In addition, he may not realize it, but his Muslim ban, support for racial profiling and lies about Muslim Americans’ complicity in terrorism have a particular resonance with African Americans. A 2011 Pew study found: “Among the roughly one-in-five Muslim Americans whose parents also were born in the U.S., 59% are African Americans, including a sizable majority who have converted to Islam (69%). Overall, 13% of U.S. Muslims are African Americans whose parents were born in the United States.” So when Trump demonizes all Muslims, he’s demonizing many African Americans.
Aside from his repugnant rhetoric, Trump’s “solutions” for the country will make life harder for the poorest Americans, of which African Americans are a disproportionate share. In May, CNN reported:
The tariffs would cost the average household $2,200 a year, or 4% of their after-tax income, according to a new study from the non-profit National Foundation for American Policy conducted by David Tuerck, Paul Bachman and Frank Conte, all of Suffolk University. This is largely because imports under Trump’s policy would become more expensive, raising the price of competing American-made goods by 11%. That would effectively levy a consumption tax on purchases and cut into the incomes of shoppers.
“All of the benefits for producers would be extracted from consumers,” said Tuerck, who heads the economics department at Suffolk. “It’s using a blunt sword to do brain surgery. It would cost consumers an awful lot for rather small benefits for U.S. producers.”
Moreover, all voters, African Americans included, stand to lose with a president who fawns over dictators, demonstrates abject ignorance about our nuclear arsenal and undermines NATO. All Americans lose when the president declares he is going to order the military to commit war crimes or clamp down on a free press (banning reporters, threatening revision of labor laws). And all Americans lose when the president plans to add billions to the debt.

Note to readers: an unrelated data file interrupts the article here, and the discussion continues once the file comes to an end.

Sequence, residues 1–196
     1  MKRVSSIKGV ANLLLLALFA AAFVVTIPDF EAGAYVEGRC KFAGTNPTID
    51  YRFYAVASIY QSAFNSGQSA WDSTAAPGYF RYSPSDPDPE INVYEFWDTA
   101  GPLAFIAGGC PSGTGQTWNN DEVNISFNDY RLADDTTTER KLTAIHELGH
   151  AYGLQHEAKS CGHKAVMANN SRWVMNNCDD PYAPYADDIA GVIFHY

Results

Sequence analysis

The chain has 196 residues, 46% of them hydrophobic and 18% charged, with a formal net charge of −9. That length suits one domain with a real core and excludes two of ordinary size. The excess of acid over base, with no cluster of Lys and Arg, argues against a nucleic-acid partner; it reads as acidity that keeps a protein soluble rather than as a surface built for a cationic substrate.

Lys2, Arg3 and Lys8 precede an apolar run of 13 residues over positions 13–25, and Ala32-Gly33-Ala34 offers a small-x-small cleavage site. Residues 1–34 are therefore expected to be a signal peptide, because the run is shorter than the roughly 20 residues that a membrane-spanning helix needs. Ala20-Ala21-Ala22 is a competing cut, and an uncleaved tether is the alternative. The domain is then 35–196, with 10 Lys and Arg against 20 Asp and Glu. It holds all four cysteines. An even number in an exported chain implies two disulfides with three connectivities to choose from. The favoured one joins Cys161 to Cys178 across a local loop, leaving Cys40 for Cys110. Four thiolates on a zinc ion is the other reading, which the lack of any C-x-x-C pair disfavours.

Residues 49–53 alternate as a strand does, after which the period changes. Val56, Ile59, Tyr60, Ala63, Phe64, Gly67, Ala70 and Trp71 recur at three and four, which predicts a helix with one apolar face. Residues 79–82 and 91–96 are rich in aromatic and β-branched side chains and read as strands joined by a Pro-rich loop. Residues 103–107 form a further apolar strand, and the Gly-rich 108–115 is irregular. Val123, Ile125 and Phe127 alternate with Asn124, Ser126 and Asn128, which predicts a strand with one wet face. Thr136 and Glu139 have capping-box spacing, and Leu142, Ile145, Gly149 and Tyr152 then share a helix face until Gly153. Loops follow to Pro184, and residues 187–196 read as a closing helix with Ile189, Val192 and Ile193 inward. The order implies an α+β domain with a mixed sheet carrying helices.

As a final note, at first glance it might seem odd for Trump to go to a nearly all-white community to declare how much he cares for African Americans. Well, it is doubtful that he or his advisers think they are going to do much better with African Americans than they are now. But, plainly, his divisiveness and association with racial bigots bother a lot of white voters. They view him as intolerant and hostile to nonwhite Americans. Many are embarrassed to support him for precisely this reason. This is Trump’s way of telling white voters, Look! I’m not so bad! I love African Americans!
In other words, in a campaign built around playing into the fears and resentments of whites, Trump is now trying to assure more sensitive voters that, hey, he’s not a racist after all. African Americans are props for him as he seeks to repair his rotten standing in the polls. It’s far from clear many Americans are going to fall for this.